(a sermon from Palm Sunday: The Sunday of the Passion)
Peter, James, John, Judas, the twelve, Pontius Pilate, the soldiers, the women standing at a distance, the crowds.
What do all these people have in common?
Yes, of course; many of them were followers of Jesus. But, on Palm Sunday, the Sunday of the Passion, the beginning of Holy Week, we observe a similarity among all of these characters.
They were all, all of them, betrayers of Jesus.
I remember when we, in the church, began organizing dramatic readings of this long passion gospel. We distributed the roles, and someone was assigned to be Jesus, and someone was assigned to be Peter. Some people wondered who got to be Jesus; and some people wondered who got to be Peter, or, rather, who might be forced to play Peter. When the actor portraying Peter denied Jesus three times, we all wondered how that actor did it so convincingly. Some of us were glad that the most ornery, mischievous boy in the class played that role – just as it should be, we thought.
But, then, the church started asking the congregation to play a role. We asked the congregation to play the part of the huge crowd, the crowd that shouts “Hosannah” at first, but the crowd who ends up shouting, at the end, “Crucify him! Crucify him!”
I remember hearing the angry complaint of one older woman in the parish who was quite upset. “I resent,” she said, “coming to church and having to shout, ‘Crucify him!’ That is not me. I will not be the one shouting ‘Crucify him.’”
Oh, but she is the one. Oh, but we are the ones. We all have that in common; we are betrayers of Jesus.
There is no one, no not one, who escapes conviction in the story o Jesus’ passion. If we believe we are above betrayal, then we have not understood the story. Betrayal is the character of all of us, at some point or another. All of us, men and women together. White, black, straight, gay, supposedly good and supposedly bad. There is no person, and no identity group, who escapes the guilt of betrayal.
All the followers of Jesus have this in common. We are all capable of betrayal, and we are all betrayers. At some level, we have fallen short. At some level, we have failed to witness to the love and truth of Jesus. At some level, we have missed the mark.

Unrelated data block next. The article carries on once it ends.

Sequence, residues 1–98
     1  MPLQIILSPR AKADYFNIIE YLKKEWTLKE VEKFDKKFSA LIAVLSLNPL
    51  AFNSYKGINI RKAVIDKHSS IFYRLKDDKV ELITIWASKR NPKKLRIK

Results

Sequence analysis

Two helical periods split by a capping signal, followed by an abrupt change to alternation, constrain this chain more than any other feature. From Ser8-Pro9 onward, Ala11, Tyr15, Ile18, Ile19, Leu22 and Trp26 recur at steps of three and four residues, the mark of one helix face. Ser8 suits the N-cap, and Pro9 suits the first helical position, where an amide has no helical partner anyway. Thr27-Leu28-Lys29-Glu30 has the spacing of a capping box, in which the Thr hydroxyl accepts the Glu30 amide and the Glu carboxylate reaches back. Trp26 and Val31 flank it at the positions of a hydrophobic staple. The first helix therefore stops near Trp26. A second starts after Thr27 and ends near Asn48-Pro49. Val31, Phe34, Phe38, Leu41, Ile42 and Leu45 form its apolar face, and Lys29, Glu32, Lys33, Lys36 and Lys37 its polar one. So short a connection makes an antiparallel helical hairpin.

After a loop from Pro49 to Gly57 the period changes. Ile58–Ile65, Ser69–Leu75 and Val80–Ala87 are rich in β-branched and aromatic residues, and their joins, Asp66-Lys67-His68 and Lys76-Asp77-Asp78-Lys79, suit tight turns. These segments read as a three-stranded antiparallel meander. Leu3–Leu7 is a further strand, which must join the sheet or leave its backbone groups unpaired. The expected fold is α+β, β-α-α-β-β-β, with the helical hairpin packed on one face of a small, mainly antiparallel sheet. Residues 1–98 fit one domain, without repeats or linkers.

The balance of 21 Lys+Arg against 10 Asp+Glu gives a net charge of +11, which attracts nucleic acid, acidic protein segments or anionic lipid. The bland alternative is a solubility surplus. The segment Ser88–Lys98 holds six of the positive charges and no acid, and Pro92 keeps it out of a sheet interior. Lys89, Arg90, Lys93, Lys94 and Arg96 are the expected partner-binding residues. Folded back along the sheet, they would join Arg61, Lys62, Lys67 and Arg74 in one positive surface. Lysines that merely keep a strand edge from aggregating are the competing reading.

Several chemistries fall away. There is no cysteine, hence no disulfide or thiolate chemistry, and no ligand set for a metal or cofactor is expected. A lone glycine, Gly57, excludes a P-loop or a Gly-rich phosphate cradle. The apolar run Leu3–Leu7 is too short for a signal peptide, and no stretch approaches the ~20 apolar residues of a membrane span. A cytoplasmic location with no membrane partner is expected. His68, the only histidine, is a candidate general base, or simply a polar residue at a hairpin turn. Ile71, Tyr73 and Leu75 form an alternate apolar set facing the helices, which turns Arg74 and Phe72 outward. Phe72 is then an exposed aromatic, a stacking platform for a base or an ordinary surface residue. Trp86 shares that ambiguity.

But there is still another similarity that the followers of Jesus share in common. All of us, good and bad, intentional or not intentional, are also loved by Jesus. Every character in today’s story –Peter, James, John, Judas, the crowd—is also loved by Jesus.
What is Jesus doing, loving those who would not love him? What is Jesus doing, forgiving those who have betrayed him? What is Jesus doing, giving himself over to those whom he knows will fall short of honoring and respecting him?
The word “betray” means to hand over. It’s the word used over and over again in the passion story. “To give over.” Jesus says the one who will hand him over has his hand on the table. Judas, with a kiss, hands Jesus over. Pilate hands over Jesus. They all hand over Jesus.
But there is another level of so-called “betrayal” going on in today’s gospel. Jesus hands something over, too. Jesus hands over himself.
Yes, Jesus gives himself over. Jesus gives himself to those whom he knows will stumble in love, to those who will give up at the last moment of love. Jesus betrays himself, hands himself over to those who would abuse and dishonor him.